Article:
The main idea for using this equation is to keep the velocity constant during the unfiring period of the cycle and to then impose a steep velocity rise once combustion pressure departs from motoring pressure. The subscript r denotes a reference crank angle, such as intake valve closing time. Figure 2 shows the net cumulative heat release obtained from a fuel consumption of 0.015 g/cycle, 1800 RPM, and 0% EGR. Combustion efficiency comes from a measured exhaust gas composition, 93-96%, so the energy released by the fuel per cycle (LHV ) 42.5 MJ/kg) is between 593 and 612 J. Crevice losses are considered very low,19 about 2%. Parameter Rscaling from eq 5 has been tuned so that the cumulative heat released by fuel (from HRR), plus cumulative modeled heat losses, plus modeled cumulative crevices energy losses (2% of the energy content of the fuel flow injected per engine cycle), plus energy loss from measured combustion inefficiency are equal to the energy released by the fuel. This analysis was repeated over the whole range of operating conditions tested. The definition given by Lu¨ Xingcai has been adopted for defining the start of combustion from the results.21,22 In the experimental results there is no kinetic information, therefore the start of combustion is defined from the HRR obtained from the registered in-cylinder pressure combined with a 0D model of the combustion system; the combustion starts when the cumulative energy released is 5% of the total. The combustion duration has been established as the angle between the start of combustion and that corresponding to 10% of the magnitude of the peak of HRR on the falling side of the curve. Other authors hold that the end of combustion is when the total (20) Huber, K.; Woschni, G.; Zeilinger, K. Investigations on Heat Transfer in Internal Combustion Engines under Low load and motoring conditions. SAE Paper 905018, 1990. (21) Lu¨, Xingcai; Chen, Wei; Ji, Libin; Huang, Zhen. The effects of external exhaust Gas recirculation and Cetane number improver on the gasoline homogeneous charge compression ignition engines. Combust. Sci. Technol. 2006, 178, 1237–1249. (22) Shimazaki, N.; Akagawa, H.; and Tsujimura, K. “An experimental study of premixed lean diesel combustion.” SAE Technical Paper. 199901-0181, 1999.
HRR Analysis of a HCCI Diesel Engine with EGR
Figure 3. Combustion chamber pressure versus crank angle with a compression ratio of 15:1, intake temperature of 18 °C, engine speed of 2100 RPM, an initial Φ ) 0.48, and constant fuel consumption of 0.028 g/cycle for different EGR rates.
Energy & Fuels, Vol. 23, 2009 2399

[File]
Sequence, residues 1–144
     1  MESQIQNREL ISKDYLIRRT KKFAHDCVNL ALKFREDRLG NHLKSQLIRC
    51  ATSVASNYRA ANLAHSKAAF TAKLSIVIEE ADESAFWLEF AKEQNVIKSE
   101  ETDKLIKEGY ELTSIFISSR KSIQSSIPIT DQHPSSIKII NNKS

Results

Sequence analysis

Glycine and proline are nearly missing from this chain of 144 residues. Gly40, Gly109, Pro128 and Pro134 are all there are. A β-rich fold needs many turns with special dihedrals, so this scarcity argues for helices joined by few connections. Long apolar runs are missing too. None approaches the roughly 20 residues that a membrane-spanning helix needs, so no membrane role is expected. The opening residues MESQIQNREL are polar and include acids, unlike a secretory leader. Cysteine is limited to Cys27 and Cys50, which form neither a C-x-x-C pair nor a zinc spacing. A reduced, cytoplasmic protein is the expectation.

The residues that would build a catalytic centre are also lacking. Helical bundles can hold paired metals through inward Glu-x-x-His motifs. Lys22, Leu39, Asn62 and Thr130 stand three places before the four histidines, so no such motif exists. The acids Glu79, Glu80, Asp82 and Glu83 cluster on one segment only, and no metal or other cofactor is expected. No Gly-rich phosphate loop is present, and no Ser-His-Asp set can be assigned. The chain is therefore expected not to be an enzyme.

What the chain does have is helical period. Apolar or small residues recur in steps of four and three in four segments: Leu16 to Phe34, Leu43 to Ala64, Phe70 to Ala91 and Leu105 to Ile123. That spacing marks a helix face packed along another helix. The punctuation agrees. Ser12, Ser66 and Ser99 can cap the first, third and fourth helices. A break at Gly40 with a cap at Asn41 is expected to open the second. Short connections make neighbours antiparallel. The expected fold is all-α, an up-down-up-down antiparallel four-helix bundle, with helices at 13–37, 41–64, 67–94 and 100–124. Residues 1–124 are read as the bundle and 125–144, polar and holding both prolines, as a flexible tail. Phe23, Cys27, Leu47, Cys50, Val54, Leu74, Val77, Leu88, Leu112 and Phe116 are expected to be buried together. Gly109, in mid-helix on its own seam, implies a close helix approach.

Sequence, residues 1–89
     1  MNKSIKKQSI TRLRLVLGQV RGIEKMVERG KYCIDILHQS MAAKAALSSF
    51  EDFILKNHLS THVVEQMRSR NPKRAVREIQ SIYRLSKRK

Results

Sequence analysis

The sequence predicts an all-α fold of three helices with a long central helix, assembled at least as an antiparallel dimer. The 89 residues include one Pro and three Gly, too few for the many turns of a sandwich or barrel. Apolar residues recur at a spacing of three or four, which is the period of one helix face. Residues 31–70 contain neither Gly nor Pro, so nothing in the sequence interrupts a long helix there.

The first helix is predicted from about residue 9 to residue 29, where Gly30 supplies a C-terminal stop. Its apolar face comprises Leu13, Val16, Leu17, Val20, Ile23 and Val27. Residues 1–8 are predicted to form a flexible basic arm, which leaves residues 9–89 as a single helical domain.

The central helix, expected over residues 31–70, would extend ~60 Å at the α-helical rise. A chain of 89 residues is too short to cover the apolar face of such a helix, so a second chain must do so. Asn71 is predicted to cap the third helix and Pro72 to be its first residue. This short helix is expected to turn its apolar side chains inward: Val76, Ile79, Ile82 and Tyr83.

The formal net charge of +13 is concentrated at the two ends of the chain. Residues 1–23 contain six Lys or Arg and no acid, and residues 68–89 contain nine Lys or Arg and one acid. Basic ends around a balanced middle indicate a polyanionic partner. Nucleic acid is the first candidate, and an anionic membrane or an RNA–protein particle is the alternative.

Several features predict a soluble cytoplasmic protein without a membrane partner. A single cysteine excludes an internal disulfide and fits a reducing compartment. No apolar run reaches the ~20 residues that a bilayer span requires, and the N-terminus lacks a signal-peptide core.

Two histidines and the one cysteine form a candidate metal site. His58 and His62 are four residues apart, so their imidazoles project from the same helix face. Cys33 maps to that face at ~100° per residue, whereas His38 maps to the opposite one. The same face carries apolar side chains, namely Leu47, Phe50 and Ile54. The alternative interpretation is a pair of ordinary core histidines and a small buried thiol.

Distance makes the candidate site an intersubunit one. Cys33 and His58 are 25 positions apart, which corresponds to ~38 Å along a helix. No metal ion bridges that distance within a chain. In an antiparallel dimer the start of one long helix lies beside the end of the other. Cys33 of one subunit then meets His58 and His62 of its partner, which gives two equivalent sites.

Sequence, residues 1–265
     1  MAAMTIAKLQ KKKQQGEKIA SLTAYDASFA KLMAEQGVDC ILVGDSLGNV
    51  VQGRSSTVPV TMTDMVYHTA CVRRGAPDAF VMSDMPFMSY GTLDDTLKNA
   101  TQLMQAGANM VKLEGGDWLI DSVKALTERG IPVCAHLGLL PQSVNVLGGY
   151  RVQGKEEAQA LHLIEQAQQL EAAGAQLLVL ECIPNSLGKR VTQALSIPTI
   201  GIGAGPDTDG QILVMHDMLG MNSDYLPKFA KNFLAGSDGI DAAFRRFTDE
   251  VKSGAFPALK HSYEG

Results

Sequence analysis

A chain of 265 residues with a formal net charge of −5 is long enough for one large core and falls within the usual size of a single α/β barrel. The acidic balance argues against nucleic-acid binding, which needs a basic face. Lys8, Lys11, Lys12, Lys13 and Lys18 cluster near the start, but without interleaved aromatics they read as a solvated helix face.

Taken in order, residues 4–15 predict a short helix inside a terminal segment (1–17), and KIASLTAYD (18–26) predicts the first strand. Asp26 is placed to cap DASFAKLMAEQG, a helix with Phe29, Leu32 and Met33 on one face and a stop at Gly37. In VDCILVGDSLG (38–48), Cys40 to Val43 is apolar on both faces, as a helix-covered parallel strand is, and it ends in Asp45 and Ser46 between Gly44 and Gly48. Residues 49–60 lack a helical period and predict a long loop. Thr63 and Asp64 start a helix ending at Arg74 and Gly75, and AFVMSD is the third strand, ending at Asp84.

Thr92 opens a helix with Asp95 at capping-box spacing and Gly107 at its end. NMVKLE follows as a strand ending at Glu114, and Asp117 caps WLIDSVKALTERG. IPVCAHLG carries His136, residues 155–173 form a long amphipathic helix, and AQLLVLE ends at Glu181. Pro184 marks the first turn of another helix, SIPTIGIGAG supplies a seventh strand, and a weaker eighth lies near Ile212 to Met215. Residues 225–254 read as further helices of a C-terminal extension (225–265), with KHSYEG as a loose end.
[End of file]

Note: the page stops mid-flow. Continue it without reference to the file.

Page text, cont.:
Figure 4. Combustion chamber pressure versus crank angle with a compression ratio of 15:1, intake temperature of 18 °C, engine speed of 1800 RPM, an initial Φ ) 0.49, and fuel consumption of 0.028 g/cycle for different EGR rates.
released energy is 95% of the product of heating value (Hp) and fuel mass.23 5. Results and Discussion 5.1. Influence of EGR on the HRR and NOx, CO, and HC Emissions. The EGR, a very well-known method for NOx reduction in diesel engines, is also a method in HCCI combustion mode, when fuelled with commercial fuel, to improve engine power, mainly because of the increase of the ignition delay. The experimental tests with EGR have been carried out from an initial load condition without EGR and progressively increasing the percentage of EGR. In every load condition fuel consumption, engine speed, injection fuel angle, and intake temperature have been maintained constants. The percentage of EGR necessary to produce delay on the ignition depends on fuel consumption and on the engine speed. At constant RPM, it is observed that at low loads the percentage of EGR needed is bigger than at high loads, reaching up to 65 mass percent to low loads contrasted to 35 mass percent that is necessary at high loads. Also, the effect of EGR is similar to that produced by an increment of the engine speed: both agents join together to increase the ignition delay. The percentage of EGR needed fundamentally depends on the thermal capacity of the composition of the exhaust gases (quantity of CO2, H2O, and O2); at low loads the exhaust gases have a minimal proportion of CO2 and H2O and, therefore, less thermal capacity. In general, cold EGR plays a significant role on HCCI combustion characteristics. As shown in Figures 3 and 4, which correspond to two different tests, the maximum in-cylinder pressure decreases, the ignition delay increases, the peak value of HRR diminishes with the introduction of cold external EGR, and the combustion process is prolonged. The increase of EGR rate produces an increment of ignition delay. This diminishes the amount of fuel burned before TDC (BTDC), which reduces the maximum combustion pressure. Also the temperature of the gases are lower, which decelerates the combustion process. Although combustion is prolonged with any increment of the EGR rate, the effect of the ignition delay on the engine torque more than offset the penalty on thermodynamic efficiency, and although the combustion process separates from the constant volume combustion, the specific fuel consumption improves in (23) Lu¨, Xingcai; Hou, Yuchun; Ji, Libin; Zu, Linlin; Huang, Zhen. Heat Release Analysis on Combustion and Parametric Study on Emissions of HCCI Engines Fuelled with 2-Propanol/n-Heptane Blend Fuels, Enegy and Fuels 2006, 20, 1870–1878.